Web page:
Unit 2: How it works

The trainers will give handouts with the following text to the participants, which they will have to read before starting the activity:

“For Gulliver the problem of war in Lilliput was complicated. Each side in the conflict explained to him how important it was to crack the egg on the right side, the long tradition that supported their position, the great number of martyrs their cause had brought about… After so many wars, after so many deaths, would they betray their ancestors by giving in and agreeing to crack the eggs on the wrong side? Never! They would rather die! But Gulliver got it right, he tried to get the warring parties to stop arguing so much about why they were fighting and who was really to blame. He tried to get them to think of a peaceful future. Yes, they all wanted peace. They already had something in common to fight for. He then asked the parties if, for the sake of the common good and peace, they would be willing to break the egg by a narrower area and by a less narrow area respectively. Both sides agreed. In the end he got everyone to break the egg in half. Peace reigned at last and everyone celebrated. But severe courts had to be set up to punish anyone who did not break the egg exactly in half…”.

“Hawk: – We must intensify our efforts. We must make it clear that we will never change our policy. Our enemies will eventually be forced to change theirs.

Pigeon: – We have to relax our policy a little in order to get them to do the same”.

(Txomin LAMIKIZ; Ensayo sobre prospectiva. Ed. Hegia, 1973)

The participants will be divided into two groups with the same number of members. The following issue will be explained to them:

“Many years ago, strangely enough, the ancestors of both ethnic groups had the same idea and at the same time. It occurred to them that they could invade the neighbouring country. The invasion turned out to be a success, much easier than expected. When they arrived in the country they wanted to invade, they found that the country was totally unprotected. There were no soldiers defending it, they had all gone to invade the neighbouring country. When each group tried to regain their land, the task was utterly impossible. Trust between the two groups was totally lost. Negotiations were totally unsuccessful. Since then, both countries have been dreaming of regaining their lands, which, with the passage of time, in memory, are seen even better than the land they have now. But they have all grown fond of the land they now own, and of course they do not want to let go of what they have worked so hard to conquer, plough, cultivate and sow”.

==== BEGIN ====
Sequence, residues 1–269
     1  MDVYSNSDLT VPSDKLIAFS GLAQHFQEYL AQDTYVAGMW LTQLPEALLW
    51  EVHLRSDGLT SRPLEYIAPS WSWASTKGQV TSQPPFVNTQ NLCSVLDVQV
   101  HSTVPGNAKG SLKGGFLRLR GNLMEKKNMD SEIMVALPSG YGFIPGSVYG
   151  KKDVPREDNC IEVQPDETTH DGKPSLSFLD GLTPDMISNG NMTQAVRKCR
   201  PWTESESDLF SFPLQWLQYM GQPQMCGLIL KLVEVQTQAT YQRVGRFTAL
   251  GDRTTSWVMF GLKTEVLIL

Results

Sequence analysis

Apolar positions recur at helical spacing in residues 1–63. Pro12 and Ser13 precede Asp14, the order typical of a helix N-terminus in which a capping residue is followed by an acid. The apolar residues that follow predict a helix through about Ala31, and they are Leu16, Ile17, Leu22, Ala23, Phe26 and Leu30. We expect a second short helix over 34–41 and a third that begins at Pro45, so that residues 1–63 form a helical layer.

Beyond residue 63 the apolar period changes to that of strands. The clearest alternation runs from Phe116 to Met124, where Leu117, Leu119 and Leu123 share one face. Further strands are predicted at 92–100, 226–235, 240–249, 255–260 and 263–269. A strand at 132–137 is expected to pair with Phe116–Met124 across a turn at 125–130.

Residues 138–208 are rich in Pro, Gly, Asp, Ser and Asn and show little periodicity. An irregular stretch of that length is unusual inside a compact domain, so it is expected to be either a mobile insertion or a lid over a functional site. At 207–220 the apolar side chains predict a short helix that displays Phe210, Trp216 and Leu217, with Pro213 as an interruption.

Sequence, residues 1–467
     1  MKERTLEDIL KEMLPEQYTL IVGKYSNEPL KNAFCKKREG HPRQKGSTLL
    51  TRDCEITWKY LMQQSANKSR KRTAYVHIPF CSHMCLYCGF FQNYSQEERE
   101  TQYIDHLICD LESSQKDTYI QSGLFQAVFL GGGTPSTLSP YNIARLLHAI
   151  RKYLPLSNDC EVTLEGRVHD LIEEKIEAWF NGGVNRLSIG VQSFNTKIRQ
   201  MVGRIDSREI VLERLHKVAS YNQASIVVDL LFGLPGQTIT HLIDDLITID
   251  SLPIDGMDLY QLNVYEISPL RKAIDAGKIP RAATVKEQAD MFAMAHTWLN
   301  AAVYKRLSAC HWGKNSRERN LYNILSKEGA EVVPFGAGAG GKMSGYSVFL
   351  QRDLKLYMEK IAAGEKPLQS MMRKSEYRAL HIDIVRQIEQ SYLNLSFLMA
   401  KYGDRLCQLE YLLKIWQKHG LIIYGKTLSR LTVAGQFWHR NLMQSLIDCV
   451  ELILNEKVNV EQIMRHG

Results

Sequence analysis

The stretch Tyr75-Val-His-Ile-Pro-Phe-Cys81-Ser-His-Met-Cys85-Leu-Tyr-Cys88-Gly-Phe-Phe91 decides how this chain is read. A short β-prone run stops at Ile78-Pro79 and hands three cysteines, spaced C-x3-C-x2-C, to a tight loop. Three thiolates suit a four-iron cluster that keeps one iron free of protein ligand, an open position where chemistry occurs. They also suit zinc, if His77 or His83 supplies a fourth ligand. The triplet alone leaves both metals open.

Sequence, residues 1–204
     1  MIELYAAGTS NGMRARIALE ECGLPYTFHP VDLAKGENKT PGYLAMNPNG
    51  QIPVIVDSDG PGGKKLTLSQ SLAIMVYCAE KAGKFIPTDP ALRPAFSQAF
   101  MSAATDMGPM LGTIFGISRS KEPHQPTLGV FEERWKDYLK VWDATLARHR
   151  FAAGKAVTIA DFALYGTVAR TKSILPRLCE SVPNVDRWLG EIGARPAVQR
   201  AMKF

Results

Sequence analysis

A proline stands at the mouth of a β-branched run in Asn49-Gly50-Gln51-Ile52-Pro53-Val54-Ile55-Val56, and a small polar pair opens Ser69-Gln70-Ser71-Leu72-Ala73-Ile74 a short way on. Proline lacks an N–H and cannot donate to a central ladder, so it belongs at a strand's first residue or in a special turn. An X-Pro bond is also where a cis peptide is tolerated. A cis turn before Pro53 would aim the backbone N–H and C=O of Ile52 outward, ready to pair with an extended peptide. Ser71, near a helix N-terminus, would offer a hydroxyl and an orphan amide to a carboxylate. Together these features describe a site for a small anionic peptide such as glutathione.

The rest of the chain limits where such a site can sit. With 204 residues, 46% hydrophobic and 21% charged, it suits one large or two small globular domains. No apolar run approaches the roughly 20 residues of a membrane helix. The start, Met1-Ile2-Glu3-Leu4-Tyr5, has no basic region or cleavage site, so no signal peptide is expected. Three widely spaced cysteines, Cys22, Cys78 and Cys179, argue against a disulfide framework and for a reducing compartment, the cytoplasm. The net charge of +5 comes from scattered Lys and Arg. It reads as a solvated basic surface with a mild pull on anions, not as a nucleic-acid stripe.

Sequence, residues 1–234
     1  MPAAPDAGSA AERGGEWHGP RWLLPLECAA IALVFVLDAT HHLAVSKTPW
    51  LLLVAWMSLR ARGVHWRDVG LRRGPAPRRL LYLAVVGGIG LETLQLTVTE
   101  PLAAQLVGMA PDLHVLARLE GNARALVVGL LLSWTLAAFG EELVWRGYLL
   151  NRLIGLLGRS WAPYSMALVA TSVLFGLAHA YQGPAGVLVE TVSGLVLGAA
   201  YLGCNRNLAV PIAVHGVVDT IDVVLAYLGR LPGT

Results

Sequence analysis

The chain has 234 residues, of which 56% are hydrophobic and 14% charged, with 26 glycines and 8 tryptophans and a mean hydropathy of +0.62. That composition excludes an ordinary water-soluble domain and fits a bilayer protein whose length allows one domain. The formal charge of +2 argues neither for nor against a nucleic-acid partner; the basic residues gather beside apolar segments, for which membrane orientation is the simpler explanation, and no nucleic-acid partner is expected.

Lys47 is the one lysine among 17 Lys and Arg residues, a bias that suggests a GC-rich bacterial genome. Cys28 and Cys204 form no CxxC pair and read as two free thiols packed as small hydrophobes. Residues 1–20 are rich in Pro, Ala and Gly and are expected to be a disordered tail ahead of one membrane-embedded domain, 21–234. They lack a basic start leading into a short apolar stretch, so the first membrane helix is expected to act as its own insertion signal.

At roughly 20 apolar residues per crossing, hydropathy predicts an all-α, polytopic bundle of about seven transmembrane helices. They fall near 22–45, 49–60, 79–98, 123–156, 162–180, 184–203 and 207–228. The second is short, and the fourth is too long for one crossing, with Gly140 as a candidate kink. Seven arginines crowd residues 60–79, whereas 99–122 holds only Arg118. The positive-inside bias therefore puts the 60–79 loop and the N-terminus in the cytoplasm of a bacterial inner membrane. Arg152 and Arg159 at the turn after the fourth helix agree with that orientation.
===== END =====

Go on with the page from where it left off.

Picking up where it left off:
The trainers will give each participant one territory card and two missile cards. If there are, for example, ten people on one group and nine on the other, the trainer will give both groups ten cards, each representing one tenth of the territory they now occupy. The trainers will also hand out twenty cards, each of them representing a missile.

Every thirty seconds, in turn, the groups will give a card to the trainers: either a territory or a missile. An agreement must be reached within the group as to who will be the person to give the card. If both groups give territory, the cards will be exchanged.  There will be no war, everyone will get their old territory back, in ten moves the game will be over and everyone will be back in their old country. However, if one of the two groups provokes a war by launching a missile, the name of the member of the other team who will be eliminated has to be decided. They also have to decide to whom the territory is given. When a participant is eliminated, he/she distributes his/her missiles and territories among the other participants in his/her group who have not yet been eliminated.

From time to time in each group a representative person will be chosen, who will negotiate. They will then try to convince their group, and the game will continue with an exchange of cards every thirty seconds. Representatives may also be eliminated.

Participants who are eliminated must not intervene in any way in the game, they are “dead”. If war breaks out, both groups will most likely fire missiles at each other until one of the two groups runs out of people. Who will have won then?

Discussion among all participants:

  • Who has won?
  • Which attitude do you think is smarter: hawks or doves? Why?
  • What are the advantages of acting like hawks? And what about acting like doves?

You can look for historical cases of hawk-like characters (Napoleon, Hitler, etc.) and dove-like characters (Jesus, Gandhi, etc.). You can also list the ten most influential people in History and discuss to what extent they were hawks or doves.